July 2019

ASCRS NEWS

Review of “The impact of glistenings on the optical quality of a hydrophobic acrylic intraocular lens”


by Megan Law, MD, and Benyam Kinde, MD


Saras Ramanathan, MD

Residency program director University of California,
San Francisco (UCSF)


Benyam Kinde, MD, and Megan Law, MD
Source: UCSF

Glistenings are fluid-filled microvacuoles that develop within IOLs postoperatively. They are appreciated on slit lamp as shiny speckles, and various grading techniques have been employed to better objectively categorize severity. Glistenings are generally thought to develop secondary to water vapor detachment and accumulation within polymer voids of IOLs. As light passes through the IOL, it is refracted and scattered at the water-polymer interface.1 The impact of glistenings on visual performance has been a matter of controversy. While Waite et al. and Hayahi et al. did not demonstrate a significant difference in visual acuity, other groups have reported effects on visual acuity and/or high contrast sensitivity. 2, 3, 4, 5, 6, 7.
In this in vitro study by Weindler et al., the authors attempt to objectively assess the effect of various clinical grades of glistenings on image quality by calculation of the modulation transfer function (MTF) and Strehl ratio, two metrics of IOL image quality. Weindler et al. obtained 38 monofocal hydrophobic acrylic AcrySof SA60AT 21.0 D IOLs (Alcon) for this study. Glistening formation was induced by exposing lenses to a temperature change over time. Of the 38 IOLs used in this study, 20 lenses were initially used as controls, prior to heat exposure. A subset of the total lenses used in this study underwent multiple treatments in order to increase the range in the number of glistenings.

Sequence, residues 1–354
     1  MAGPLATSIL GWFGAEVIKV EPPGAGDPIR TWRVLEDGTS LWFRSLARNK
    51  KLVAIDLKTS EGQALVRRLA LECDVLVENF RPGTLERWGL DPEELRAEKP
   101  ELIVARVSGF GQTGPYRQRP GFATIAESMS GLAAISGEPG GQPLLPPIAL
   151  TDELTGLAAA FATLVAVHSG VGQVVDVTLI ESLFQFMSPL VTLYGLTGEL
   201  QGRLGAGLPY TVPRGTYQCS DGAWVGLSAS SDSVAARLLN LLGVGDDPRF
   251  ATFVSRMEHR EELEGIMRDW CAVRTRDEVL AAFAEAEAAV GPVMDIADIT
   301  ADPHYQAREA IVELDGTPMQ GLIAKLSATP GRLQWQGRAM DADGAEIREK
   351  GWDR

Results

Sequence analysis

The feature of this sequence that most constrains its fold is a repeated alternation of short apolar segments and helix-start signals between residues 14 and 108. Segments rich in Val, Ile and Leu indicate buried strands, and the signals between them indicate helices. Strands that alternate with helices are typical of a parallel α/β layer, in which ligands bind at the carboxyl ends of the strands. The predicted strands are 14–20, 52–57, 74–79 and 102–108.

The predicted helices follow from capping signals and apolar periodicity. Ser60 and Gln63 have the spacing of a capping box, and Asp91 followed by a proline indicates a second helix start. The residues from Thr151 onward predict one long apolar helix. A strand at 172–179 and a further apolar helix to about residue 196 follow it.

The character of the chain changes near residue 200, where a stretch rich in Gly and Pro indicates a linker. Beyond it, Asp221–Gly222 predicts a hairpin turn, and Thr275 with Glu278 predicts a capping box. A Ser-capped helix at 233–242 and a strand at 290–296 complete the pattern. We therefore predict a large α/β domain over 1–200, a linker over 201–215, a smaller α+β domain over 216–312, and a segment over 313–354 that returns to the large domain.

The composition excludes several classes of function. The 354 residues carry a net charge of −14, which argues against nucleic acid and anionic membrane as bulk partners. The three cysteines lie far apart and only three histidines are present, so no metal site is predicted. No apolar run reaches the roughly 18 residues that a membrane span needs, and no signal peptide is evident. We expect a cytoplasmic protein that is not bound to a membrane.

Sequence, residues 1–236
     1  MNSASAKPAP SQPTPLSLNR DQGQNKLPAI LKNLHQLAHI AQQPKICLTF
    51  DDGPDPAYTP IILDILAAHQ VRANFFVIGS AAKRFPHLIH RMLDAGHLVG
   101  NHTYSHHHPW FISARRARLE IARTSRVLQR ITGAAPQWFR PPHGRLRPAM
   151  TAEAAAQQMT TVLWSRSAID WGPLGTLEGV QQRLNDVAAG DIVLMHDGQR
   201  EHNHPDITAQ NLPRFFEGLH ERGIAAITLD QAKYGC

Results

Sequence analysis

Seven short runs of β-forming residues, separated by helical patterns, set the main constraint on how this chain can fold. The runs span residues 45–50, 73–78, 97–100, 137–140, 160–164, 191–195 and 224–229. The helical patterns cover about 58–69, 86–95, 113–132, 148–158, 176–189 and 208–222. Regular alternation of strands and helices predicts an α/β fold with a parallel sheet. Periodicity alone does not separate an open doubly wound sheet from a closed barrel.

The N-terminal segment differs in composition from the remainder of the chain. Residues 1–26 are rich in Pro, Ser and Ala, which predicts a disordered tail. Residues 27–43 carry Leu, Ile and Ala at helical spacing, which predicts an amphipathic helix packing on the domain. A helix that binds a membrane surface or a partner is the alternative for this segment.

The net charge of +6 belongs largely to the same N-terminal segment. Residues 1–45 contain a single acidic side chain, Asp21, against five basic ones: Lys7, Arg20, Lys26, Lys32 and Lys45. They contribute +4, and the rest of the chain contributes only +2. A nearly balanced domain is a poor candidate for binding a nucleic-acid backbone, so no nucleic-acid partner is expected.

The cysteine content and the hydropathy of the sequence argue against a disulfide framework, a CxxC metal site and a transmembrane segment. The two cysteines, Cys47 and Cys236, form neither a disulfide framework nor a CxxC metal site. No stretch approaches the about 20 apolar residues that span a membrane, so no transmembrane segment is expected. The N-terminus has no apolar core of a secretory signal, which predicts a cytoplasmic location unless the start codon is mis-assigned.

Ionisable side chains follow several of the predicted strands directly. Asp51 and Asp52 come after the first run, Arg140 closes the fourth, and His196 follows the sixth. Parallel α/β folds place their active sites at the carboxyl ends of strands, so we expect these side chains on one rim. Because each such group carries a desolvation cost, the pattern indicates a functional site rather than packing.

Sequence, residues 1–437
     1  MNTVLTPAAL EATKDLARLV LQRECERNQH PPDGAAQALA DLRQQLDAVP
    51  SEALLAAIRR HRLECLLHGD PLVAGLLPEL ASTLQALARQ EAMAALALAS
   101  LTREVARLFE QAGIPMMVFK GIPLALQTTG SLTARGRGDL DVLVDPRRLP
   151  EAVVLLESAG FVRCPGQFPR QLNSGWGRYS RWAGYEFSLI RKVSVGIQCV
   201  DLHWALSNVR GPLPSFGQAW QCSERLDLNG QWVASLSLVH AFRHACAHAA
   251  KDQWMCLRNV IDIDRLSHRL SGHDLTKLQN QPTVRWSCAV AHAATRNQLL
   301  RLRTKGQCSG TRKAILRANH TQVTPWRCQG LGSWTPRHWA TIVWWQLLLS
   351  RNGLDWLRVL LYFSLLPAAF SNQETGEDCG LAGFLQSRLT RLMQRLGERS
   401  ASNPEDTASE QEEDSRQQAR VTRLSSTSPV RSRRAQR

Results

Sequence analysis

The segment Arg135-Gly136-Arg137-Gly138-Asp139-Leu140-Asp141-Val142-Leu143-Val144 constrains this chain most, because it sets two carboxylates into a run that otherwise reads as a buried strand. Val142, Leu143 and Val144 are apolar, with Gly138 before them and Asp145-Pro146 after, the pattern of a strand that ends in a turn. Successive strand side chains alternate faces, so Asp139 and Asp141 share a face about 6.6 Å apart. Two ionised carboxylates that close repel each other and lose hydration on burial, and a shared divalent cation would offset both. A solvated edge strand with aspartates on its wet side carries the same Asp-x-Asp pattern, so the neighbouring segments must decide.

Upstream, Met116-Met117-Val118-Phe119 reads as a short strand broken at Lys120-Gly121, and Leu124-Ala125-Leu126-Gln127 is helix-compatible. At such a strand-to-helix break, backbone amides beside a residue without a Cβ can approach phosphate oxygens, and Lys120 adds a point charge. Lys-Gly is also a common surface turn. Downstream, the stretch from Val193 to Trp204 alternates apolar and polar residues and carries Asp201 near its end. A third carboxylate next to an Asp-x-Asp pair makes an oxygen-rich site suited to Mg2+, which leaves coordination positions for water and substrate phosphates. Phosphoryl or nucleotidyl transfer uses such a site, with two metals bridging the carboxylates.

IOLs were then photographed and the number and size of induced glistenings were calculated. Subsequently, lenses were graded: grade 0 (no glistenings), grade 1 (1–100 MV/mm2), grade 2 (101–200 MV/mm2), grade 3 (201–500 MV/mm2), and grade 4 (more than 500 MV/mm2). The MTF and the Strehl ratio were evaluated at aperture diameters of 3 mm and 4.5 mm. The MTF, which is a measure of contrast transfer from the object to image, was determined using three discrete spatial frequencies (20, 50, and 100 lp/mm). The Strehl ratio is another measure of optical performance and is calculated as the peak focal intensity in aberration versus an ideal system . Both MTF and Strehl ratio range from 0 to 1 with higher values representing better optical systems.
Glistenings were observed in all 38 IOLs. The mean glistening number +/– standard deviation (MV/mm2) was 74±12.7 (grade 1), 142±22.2 (grade 2), 297±76.2 (grade 3), and 1509±311.9 (grade 4). The mean glistening diameter ±SD was 15.31±3.13 µm (range: 7.33–24.74 µm), comparable to previous studies.2, 9 There were no significant differences between the MTF values of the clear IOLs and those with grade 1–3 glistenings (Wilcoxon test, p>0.05). Grade 4 IOLs had lower MTF levels compared to clear IOLs (Mann-Whitney U test, p<0.01). The differences were 0.011 (25 lp/mm), 0.024 (50 lp/mm), and 0.048 (100 lp/mm) for the 3-mm aperture, and 0.056 (25 lp/mm), 0.071 (50 lp/mm), and 0.059 (100 lp/mm) for the 4.5 mm aperture. In IOLs with grade 4 glistenings, the Strehl was lower compared to controls by 0.068 (3 mm) and 0.096 (4.5 mm; Mann-Whitney U test, p<0.01). The decreased Strehl ratio for grades 1–3 was not statistically significant (Wilcoxon test, p>0.05).
The authors concluded that image quality is not compromised in IOLs with low–moderate glistenings (grade 1–3). In IOLs with severe glistenings (>500 MV/mm2), the impact on the MTF and Strehl ratio is limited and likely not visually significant. Previous in vivo studies assessing the impact of glistenings on visual acuity and contrast sensitivity have reported mixed results, with some showing reduced contrast sensitivity at higher special frequencies.6,7 This study showed a similar trend: MTF decline was greater in frequencies higher than 25 lp/mm.